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What Type of Retirement Plan Should My Business Implement? (Part 5)

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SIMPLE IRA Plan Basics

In Part 4 of this series we covered features common to all 401(k) plans. Now let’s look at another plan type, the SIMPLE IRA.

A SIMPLE IRA plan allows employees to make contributions to a retirement plan from their pay just like a 401(k) plan, but the maximum deferral amount is lower ($16,000 vs $23,000).

Why would a business choose this plan over a 401(k) Plan? Usually because of the ease of getting this type of plan started and its typically low administrative fees. However, there are some trade-offs associated with these benefits.

Because this plan is meant to be “SIMPLE” it provides little flexibility:

  • Leased employees must be allowed to participate, as well as employees from other related businesses.
  • Employer contributions are required, with only two options to choose from:
    1. MATCH CONTRIBUTION = Employer contributes $1 for every $1 employee contributes (up to 3% of employee’s calendar year compensation)
    2. NONELECTIVE CONTRIBUTION = Employer contributes 2% of employee’s calendar year compensation (regardless if employee contributes)
  •  Uniform discretionary contributions are allowed up to the lesser of 10% of compensation or $5,000. This is problematic when a business owner wants to save more and is limited, or wants to provide different contribution amounts.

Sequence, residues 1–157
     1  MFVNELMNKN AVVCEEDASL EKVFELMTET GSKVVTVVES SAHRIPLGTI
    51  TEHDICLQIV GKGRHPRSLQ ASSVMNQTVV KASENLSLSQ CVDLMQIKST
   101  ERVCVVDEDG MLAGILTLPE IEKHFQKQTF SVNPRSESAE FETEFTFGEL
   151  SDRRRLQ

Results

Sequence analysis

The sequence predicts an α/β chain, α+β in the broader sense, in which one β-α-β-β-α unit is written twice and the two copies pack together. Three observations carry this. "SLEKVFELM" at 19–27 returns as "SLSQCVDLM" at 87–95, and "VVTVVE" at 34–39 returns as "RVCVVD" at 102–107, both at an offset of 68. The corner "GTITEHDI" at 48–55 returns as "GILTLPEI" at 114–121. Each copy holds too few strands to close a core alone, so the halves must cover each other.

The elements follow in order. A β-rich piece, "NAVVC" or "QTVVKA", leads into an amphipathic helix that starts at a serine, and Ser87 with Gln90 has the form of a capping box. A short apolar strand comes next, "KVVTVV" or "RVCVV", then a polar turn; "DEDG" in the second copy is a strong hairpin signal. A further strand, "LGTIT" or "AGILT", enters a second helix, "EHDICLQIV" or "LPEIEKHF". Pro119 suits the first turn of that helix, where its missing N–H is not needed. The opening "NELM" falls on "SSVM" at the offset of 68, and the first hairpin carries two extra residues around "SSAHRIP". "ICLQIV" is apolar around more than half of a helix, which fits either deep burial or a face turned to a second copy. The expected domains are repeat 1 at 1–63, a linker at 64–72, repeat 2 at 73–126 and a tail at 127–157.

• All employer contributions are fully vested immediately. No vesting schedule can be used to reward employees for continued employment with your business.

And don’t be fooled by its name, the plan is not so “simple”.  This plan has fewer options which is meant to make compliance easier.  Oftentimes business owners don’t hire a professional to help with administration, but in reality it is highly recommended.  The IRS has found so many problems with SIMPLE IRA Plan administration that they have developed a SIMPLE IRA Plan Fix-it Guide and actively audit these types of plans.

Maximum Annual Retirement Contributions

ParticipantEmployee DeferralEmployer ContributionAnnual Contributions
Less than Age 50$16,0002% or 3% of annual compensationLesser of 10% of annual compensation or $5,000
Age 50 or Older$19,5002% or 3% of annual compensationLesser of 10% of annual compensation or $5,000
*Deferral limits are increased by 10% if employer has 25 or fewer employees, or elects to make an additional 1% required contribution.

Although this plan may work well for your business, it’s always best to have an expert help you weigh the pros and cons based on your particular situation.

Go to the Part 6 post in this series.

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